Workers for Enbridge continue to truck away oil from a major pipeline leaking in an industrial park in Romeoville, Ill.
The company has isolated the section of pipe that ruptured on Friday, and is now conducting a "drain-up" operation that involves sucking oil from the leak site and two other locations.
But Enbridge still cannot say how much oil spilled from beneath a roadway in an accident that has seen the company halt crude flowing through its 670,000 barrel-a-day Line 6A, a major component of its North American network.
The pipeline closing comes as Enbridge continues to wait for approval from the U.S. Office of Pipeline Safety to restart operations on Line 6B. That line has been closed since July 26, when a rupture spilled crude into an important Michigan river system, and Enbridge has spent weeks attempting to prove that the now-repaired line is safe, in order to secure approval to resume operations.
It must secure a similar approval before it can restart Line 6A, and the company cannot say how long that will take. Workers began excavating the compromised Illinois pipe late Saturday, and continued with that work Sunday. Trucks are being used to vacuum out the remaining oil from the line, and crude is no longer flowing down a drainage ditch and into a storm-water retention pond, where it initially spilled.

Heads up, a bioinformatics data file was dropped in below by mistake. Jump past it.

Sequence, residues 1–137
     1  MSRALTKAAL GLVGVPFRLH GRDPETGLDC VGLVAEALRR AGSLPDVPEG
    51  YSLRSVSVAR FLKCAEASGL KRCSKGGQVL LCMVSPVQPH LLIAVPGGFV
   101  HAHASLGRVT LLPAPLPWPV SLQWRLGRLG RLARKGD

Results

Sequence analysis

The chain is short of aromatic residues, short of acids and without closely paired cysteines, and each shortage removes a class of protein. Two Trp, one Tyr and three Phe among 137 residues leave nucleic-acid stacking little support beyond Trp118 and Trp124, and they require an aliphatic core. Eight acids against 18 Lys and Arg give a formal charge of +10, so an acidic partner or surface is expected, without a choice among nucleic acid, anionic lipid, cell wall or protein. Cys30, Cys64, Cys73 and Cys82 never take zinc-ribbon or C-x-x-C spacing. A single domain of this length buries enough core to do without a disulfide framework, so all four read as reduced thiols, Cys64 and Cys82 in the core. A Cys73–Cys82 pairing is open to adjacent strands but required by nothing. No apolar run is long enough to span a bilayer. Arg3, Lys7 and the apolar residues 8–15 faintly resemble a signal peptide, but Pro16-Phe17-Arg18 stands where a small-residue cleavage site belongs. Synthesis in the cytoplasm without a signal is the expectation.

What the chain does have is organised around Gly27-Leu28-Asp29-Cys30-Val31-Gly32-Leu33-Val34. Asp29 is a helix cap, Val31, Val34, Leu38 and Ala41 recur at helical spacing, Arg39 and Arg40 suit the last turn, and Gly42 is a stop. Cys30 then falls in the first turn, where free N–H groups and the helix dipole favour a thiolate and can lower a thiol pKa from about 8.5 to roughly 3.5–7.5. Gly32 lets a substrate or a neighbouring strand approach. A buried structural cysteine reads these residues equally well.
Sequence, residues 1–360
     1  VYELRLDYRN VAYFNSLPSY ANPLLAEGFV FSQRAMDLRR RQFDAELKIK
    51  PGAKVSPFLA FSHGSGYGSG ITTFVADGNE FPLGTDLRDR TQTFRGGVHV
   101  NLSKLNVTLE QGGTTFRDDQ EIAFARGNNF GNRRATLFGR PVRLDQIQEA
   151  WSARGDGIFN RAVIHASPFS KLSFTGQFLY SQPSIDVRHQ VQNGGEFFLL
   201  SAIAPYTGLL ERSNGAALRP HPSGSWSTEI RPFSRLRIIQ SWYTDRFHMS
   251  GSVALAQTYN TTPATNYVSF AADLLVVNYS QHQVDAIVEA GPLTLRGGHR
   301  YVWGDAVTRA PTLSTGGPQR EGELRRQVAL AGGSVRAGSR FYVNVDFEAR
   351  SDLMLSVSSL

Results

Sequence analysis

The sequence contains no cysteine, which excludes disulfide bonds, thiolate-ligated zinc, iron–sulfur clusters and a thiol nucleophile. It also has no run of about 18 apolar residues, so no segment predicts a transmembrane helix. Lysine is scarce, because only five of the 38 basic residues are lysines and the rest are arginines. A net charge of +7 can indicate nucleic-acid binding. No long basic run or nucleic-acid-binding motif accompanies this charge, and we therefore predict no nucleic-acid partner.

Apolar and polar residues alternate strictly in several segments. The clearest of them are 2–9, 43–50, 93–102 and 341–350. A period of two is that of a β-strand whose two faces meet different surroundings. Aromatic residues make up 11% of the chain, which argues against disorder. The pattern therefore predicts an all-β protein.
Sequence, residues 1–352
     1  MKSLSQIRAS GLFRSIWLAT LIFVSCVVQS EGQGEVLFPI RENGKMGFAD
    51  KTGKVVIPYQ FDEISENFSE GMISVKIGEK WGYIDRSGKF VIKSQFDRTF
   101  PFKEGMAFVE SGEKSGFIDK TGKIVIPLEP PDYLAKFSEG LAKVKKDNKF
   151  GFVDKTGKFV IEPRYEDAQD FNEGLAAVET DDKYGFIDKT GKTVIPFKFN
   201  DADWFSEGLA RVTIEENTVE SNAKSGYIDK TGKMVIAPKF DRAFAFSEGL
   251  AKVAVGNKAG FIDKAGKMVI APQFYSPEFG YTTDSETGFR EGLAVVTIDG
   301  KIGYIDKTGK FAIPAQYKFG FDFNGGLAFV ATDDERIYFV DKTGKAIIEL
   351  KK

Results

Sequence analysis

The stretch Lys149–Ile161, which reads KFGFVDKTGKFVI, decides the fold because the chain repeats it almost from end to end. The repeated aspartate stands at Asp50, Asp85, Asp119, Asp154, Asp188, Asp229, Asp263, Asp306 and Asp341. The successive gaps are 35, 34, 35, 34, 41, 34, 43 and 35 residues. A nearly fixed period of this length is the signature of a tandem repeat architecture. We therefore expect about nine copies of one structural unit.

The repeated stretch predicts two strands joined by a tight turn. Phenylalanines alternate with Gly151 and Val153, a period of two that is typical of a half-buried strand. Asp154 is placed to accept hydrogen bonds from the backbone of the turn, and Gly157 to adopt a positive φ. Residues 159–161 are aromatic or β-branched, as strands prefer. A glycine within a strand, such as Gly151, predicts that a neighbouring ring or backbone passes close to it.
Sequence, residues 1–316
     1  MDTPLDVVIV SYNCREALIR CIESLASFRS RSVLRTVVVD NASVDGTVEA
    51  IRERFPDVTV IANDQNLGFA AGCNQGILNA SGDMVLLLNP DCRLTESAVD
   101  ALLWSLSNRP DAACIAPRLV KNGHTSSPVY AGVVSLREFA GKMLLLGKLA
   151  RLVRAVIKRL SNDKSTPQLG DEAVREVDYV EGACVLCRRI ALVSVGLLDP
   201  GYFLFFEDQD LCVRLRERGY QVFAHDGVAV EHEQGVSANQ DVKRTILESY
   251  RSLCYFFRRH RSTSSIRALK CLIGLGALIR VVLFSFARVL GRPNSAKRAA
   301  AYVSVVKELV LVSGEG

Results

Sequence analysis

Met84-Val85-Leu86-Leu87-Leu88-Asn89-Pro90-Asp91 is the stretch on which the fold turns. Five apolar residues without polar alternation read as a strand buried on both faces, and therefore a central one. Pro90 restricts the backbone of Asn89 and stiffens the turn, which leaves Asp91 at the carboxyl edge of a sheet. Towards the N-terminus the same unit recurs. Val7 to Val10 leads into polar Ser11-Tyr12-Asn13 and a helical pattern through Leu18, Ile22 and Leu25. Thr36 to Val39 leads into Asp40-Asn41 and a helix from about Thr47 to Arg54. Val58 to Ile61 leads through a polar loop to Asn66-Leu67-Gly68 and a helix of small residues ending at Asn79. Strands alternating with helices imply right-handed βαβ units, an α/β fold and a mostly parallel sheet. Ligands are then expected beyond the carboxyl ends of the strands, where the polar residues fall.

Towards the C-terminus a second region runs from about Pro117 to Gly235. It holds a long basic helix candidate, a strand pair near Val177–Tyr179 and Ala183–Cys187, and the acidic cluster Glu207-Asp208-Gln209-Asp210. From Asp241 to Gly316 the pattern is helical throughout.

"What we're focused on now is the cleanup, and then we will do the repair," Enbridge spokeswoman Gina Jordan said on Sunday. "And we will work to develop a restart plan."
Line 6A is an important feeder for refineries in the Chicago area, but Ms. Jordan said "there are other sources of crude oil in this area, including storage. We're working with [customers]to try and mitigate any impacts to their business."
She declined to comment on allegations that the consecutive leaks may indicate a broader problem with the company's pipeline-maintenance program.
"It would be simply too early to speak to any indications as to the cause," she said.Report Typo/Error